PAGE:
CFS announces food safety report for June
The Centre for Food Safety (CFS) of the Food and Environmental Hygiene Department today (July 31) released the findings of its food safety report for last month. The results of about 14,100 food samples tested were satisfactory except for 18 samples. The overall satisfactory rate was 99.9 per cent.
A CFS spokesman said about 1,700 food samples were collected for microbiological tests, some 4,200 samples were taken for chemical tests and the remaining 8,200 (including about 7,500 taken from food imported from Japan) were collected to test radiation levels.
The microbiological tests covered pathogens and hygienic indicators, while the chemical tests included pesticides, preservatives, metallic contaminants, colouring matters, veterinary drug residues and others.
The samples comprised about 3,900 samples of vegetables and fruit and their products; 600 samples of meat and poultry and their products; 1,800 samples of aquatic and related products; 1,200 samples of milk, milk products and frozen confections; 1,000 samples of cereals, grains and their products; and 5,600 samples of other food commodities (including beverages, bakery products and snacks).
The 18 unsatisfactory samples comprised seven vegetable samples detected with pesticide residues exceeding the legal limits; a vegetable sample and two dried mushroom samples detected with excessive cadmium; two anchovy fillet samples detected with histamine; a chilled goose sample and a frozen tiger prawn sample detected with veterinary drug residues; a fresh beef sample found to contain sulphur dioxide; a honey sample found to contain a trace amount of an antibiotic; a packed milk drink sample found to contain excessive Bacillus cereus; and a fried pad thai noodle sample found to contain excessive coagulase-positive staphylococci organisms.
The CFS has taken follow-up action on the unsatisfactory samples, including informing the vendors concerned of the test results, instructing them to stop selling the affected food items and tracing the sources of the food items in question.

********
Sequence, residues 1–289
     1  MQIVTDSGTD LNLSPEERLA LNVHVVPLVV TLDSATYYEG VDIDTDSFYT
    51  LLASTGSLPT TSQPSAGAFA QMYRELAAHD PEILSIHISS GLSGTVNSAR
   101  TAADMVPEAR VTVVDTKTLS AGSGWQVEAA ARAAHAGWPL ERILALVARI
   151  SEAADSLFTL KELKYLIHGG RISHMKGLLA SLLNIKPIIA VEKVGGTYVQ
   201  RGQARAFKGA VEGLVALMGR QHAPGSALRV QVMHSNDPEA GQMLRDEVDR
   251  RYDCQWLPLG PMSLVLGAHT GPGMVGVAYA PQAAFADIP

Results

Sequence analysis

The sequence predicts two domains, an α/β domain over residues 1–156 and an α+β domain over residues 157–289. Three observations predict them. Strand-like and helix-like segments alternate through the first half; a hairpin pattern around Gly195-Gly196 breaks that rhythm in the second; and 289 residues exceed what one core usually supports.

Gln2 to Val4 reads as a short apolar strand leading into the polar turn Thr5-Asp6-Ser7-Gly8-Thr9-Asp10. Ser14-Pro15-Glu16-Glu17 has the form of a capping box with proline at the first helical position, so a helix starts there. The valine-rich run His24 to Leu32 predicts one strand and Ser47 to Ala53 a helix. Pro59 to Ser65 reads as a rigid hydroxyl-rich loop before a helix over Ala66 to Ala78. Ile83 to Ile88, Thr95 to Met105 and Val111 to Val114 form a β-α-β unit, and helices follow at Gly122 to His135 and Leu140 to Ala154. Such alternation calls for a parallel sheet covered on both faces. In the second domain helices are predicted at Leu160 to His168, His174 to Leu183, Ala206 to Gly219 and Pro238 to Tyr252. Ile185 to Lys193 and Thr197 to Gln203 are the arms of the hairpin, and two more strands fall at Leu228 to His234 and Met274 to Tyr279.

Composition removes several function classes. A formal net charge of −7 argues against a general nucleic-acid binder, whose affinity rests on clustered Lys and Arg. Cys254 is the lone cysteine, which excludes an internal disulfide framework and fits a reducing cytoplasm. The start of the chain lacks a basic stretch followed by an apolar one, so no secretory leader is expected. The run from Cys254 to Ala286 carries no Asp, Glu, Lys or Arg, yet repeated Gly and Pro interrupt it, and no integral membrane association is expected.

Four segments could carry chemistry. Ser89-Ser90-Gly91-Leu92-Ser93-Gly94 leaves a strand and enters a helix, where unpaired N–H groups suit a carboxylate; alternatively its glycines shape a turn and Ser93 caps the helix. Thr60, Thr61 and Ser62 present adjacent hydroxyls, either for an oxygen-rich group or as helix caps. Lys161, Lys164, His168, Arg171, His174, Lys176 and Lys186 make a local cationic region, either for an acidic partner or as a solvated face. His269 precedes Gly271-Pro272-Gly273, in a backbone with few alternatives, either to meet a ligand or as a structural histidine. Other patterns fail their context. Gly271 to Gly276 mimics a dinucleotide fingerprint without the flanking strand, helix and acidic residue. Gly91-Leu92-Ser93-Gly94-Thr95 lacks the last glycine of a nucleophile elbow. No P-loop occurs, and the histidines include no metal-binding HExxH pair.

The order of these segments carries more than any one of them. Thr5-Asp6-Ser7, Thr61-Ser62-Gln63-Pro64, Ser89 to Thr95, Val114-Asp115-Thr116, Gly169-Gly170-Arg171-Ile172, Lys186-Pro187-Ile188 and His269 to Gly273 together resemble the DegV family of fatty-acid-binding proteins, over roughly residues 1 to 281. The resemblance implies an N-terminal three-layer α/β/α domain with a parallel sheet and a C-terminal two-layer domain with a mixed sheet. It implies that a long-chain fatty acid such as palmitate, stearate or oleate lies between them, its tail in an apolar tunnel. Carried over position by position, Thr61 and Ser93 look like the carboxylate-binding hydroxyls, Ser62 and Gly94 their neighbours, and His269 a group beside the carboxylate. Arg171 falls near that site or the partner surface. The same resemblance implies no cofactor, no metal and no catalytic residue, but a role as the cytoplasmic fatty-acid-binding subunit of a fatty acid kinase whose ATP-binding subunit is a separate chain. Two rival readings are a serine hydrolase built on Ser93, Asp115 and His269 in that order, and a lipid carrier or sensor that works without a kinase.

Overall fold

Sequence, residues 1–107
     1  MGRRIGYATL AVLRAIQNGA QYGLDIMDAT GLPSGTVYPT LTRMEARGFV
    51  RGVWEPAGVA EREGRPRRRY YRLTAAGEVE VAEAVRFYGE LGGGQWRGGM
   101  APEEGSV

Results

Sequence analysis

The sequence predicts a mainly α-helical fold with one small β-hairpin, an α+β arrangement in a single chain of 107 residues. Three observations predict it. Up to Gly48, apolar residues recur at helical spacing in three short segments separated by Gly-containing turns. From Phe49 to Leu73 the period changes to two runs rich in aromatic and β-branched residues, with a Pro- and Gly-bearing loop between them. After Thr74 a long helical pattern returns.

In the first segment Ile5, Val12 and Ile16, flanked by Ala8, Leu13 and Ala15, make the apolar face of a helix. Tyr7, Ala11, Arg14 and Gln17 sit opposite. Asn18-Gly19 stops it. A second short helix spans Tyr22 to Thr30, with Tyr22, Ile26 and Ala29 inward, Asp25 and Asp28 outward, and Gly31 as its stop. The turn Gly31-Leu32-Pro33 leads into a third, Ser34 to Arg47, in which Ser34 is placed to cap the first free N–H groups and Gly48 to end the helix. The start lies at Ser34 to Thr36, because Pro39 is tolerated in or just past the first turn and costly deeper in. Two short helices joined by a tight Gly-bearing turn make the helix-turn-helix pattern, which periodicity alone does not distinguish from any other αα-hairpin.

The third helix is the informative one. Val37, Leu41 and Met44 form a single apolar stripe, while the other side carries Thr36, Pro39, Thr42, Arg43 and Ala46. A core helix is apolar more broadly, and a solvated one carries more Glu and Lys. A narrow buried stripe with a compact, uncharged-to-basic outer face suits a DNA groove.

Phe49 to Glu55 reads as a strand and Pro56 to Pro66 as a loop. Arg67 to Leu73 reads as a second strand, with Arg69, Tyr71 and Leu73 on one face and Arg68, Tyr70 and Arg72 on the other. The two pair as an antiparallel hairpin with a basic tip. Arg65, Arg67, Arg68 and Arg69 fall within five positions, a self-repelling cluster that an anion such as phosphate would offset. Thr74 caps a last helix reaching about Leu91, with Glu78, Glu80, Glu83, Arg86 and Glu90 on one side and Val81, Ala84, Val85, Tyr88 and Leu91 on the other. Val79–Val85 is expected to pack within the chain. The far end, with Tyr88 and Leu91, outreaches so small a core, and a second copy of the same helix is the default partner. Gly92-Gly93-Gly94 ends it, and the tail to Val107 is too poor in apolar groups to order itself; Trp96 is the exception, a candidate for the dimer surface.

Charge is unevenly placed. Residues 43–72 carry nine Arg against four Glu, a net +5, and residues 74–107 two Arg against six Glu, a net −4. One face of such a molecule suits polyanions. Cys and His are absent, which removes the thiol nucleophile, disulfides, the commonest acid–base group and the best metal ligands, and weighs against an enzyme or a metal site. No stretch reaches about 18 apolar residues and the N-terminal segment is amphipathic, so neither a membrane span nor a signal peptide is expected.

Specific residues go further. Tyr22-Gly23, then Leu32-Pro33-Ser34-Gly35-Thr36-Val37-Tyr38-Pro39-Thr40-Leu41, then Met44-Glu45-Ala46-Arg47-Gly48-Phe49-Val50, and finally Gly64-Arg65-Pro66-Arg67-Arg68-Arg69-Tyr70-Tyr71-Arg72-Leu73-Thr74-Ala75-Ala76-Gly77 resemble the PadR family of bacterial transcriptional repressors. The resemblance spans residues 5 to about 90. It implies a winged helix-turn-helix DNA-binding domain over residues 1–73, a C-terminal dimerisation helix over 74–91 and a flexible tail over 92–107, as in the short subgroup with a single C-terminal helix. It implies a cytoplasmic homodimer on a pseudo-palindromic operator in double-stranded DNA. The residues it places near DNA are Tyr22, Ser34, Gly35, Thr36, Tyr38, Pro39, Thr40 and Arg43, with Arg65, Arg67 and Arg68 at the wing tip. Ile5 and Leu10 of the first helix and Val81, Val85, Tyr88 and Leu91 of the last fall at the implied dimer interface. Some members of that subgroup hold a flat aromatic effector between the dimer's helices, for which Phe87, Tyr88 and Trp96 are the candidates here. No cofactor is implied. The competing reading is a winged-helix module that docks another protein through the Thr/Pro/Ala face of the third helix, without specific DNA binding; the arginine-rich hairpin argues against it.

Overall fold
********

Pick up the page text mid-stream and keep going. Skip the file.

Since the Pesticide Residues in Food Regulation (Cap 132CM) came into effect on August 1, 2014, as of June 30 this year, the CFS has taken over 147,400 food samples at the import, wholesale and retail levels for testing for pesticide residues. The overall unsatisfactory rate is less than 0.2 per cent.
The spokesman added that excessive pesticide residues in food may arise from the trade not observing Good Agricultural Practice, e.g. using excessive pesticides and/or not allowing sufficient time for pesticides to decompose before harvesting. The maximum residue limits (MRLs) of pesticide residues in food set in the Regulation are not safety indicators. They are the maximum concentrations of pesticide residues to be permitted in a food commodity under Good Agricultural Practice when applying pesticides. In this connection, consumption of food with pesticide residues higher than the MRLs will not necessarily lead to any adverse health effects.
Histamine is commonly found in certain kinds of fish such as tuna, sardine, mackerel and anchovy, as a result of bacterial spoilage. Consumption of fish containing high levels of histamine can cause food-borne intoxication. Symptoms of histamine poisoning include tingling and burning sensation around the mouth, facial flushing and sweating, nausea, vomiting, headache, palpitations, dizziness and rash. The onset of intoxication symptoms is within a few hours after consumption and these symptoms will normally disappear in 12 hours without long-term effect.
The spokesman reminded the food trade to ensure that food for sale is fit for human consumption and meets legal requirements. Consumers should patronise reliable shops when buying food and maintain a balanced diet to minimise food risks.
Ends/Tuesday, July 31, 2018